After a loss in his debut, Burrow noted that he’s more concerned about winning than chasing Mayfield’s rookie record.
“The more touchdowns I throw, I think the more games we’re going to win,” Burrow said. “I’m not really focused on breaking any records. But I need to hit some touchdown passes if we’re going to win games, for sure.”
First-year Browns coach Kevin Stefanski said the self-belief Mayfield and Burrow each possesses is a crucial quality, especially when authentic. Stefanski added that genuine inner confidence is more important to teammates than a false sense of bravado. Bengals coach Zac Taylor said he sees that trait in both quarterbacks, as well.
“It’s some guys just have that natural [demeanor] and tangibles that guys gravitate to and they don’t have to try to be somebody they’re not — they just naturally have it,” said Taylor, who, as a native of Norman, Oklahoma, has followed Mayfield’s career over the years. “You see that with Baker. You see that with Joe. When you got one like that, it’s pretty special.”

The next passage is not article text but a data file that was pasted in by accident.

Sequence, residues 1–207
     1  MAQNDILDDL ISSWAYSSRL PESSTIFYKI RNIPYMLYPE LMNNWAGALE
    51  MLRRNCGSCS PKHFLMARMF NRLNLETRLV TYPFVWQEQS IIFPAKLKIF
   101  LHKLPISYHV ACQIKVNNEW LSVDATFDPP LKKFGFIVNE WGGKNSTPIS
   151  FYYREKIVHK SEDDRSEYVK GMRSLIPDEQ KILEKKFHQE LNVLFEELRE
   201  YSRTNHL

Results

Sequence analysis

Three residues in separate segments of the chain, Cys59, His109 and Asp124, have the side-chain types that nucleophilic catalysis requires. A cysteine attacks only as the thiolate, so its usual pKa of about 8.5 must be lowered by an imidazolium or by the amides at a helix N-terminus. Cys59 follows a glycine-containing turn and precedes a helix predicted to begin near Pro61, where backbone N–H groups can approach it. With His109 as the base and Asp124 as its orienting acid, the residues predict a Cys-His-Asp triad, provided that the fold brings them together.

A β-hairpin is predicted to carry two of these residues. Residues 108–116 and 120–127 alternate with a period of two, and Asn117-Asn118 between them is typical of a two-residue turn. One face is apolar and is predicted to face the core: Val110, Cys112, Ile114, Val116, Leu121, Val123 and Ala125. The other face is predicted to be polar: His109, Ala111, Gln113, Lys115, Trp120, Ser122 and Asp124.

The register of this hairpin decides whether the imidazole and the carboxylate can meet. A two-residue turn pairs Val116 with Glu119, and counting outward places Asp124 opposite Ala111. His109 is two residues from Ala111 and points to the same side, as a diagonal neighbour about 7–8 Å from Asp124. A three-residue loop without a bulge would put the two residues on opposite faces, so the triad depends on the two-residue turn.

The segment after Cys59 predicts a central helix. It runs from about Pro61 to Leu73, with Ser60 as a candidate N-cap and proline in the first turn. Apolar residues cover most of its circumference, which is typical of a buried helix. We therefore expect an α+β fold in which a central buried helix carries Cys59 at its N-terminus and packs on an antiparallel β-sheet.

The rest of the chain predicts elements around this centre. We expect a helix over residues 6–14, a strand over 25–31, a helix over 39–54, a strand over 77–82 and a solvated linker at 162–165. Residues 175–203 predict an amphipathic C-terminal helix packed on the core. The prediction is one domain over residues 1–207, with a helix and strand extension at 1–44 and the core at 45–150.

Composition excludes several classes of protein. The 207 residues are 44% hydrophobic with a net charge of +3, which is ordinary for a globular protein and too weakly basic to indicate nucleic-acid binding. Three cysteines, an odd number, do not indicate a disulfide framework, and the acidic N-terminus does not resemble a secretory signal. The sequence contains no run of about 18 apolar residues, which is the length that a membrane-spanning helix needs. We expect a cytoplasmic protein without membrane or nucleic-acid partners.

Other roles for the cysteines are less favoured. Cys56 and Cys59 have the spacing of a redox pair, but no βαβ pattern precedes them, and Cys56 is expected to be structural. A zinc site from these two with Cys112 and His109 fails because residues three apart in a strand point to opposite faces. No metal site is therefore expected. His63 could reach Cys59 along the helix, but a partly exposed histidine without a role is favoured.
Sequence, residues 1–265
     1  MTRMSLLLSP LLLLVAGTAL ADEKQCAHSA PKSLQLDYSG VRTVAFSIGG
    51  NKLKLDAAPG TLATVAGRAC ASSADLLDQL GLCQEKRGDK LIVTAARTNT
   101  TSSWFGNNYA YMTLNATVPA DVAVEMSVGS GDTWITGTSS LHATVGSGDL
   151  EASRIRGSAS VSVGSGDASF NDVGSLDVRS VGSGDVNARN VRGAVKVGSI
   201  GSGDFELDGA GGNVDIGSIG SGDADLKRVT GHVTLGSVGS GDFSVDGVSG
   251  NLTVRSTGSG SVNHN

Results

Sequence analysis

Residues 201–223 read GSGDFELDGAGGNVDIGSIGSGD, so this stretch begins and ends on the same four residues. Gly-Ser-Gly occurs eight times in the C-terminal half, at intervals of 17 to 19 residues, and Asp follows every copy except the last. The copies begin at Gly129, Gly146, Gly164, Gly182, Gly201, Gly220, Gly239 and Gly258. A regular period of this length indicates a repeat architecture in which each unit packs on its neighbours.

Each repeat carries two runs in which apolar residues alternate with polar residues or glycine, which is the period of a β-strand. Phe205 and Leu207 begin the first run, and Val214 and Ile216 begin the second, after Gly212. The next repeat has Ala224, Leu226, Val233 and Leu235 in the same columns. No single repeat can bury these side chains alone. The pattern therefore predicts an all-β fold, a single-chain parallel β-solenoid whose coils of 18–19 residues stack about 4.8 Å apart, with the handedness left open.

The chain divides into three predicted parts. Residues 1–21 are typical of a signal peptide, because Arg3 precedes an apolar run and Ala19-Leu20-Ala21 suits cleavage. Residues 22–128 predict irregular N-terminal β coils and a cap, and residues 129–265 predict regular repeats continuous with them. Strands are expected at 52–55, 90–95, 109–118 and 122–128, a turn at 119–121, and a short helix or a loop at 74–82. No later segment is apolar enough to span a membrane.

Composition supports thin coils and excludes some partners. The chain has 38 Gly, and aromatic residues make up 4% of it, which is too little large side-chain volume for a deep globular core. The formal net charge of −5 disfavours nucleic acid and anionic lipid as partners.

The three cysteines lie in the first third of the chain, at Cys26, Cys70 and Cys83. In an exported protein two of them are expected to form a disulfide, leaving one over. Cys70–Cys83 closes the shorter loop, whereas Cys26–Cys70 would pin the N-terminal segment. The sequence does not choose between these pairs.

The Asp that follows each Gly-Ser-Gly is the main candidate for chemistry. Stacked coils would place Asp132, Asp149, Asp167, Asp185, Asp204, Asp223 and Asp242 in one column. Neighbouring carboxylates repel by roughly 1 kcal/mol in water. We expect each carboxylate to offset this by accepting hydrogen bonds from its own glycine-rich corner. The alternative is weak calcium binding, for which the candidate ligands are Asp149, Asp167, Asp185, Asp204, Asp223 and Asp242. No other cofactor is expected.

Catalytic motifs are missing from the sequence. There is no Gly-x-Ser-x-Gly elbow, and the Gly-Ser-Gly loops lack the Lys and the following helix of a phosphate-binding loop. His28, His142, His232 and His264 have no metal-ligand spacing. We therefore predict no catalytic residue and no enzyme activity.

Players on both sides of Thursday’s game said they know how special Mayfield and Burrow can be as teammates. That includes Bengals running back Joe Mixon, who starred with Mayfield at Oklahoma, and Browns cornerback Denzel Ward, who was in the same Ohio State recruiting class as Burrow.
Browns wide receivers Odell Beckham Jr. and Jarvis Landry became fans of Burrow as he led their alma mater on its historic 2019 run. Beckham was even spotted on the field giving cash to Burrow and other LSU players after the title victory over Clemson.
“Obviously, I don’t want him to beat us,” Beckham said, “but anywhere else or any other game he plays, I’m always rooting for him.”
As Riley and other college coaches continue to deal with the pandemic-plagued season, those in the AFC North will get a look at what Riley has experienced firsthand over the years. Two years after coaching Mayfield in a College Football Playoff, Riley coached against Burrow, who dismantled the Sooners in last season’s playoff semifinal.
Such college success propelled Mayfield and Burrow to their respective NFL teams. And if they can play up to expectations, Thursday’s meeting could be the first of many in the Buckeye State.
“It’s pretty awesome to see what those guys have done,” Riley said. “It should be fun to watch over the next several years.”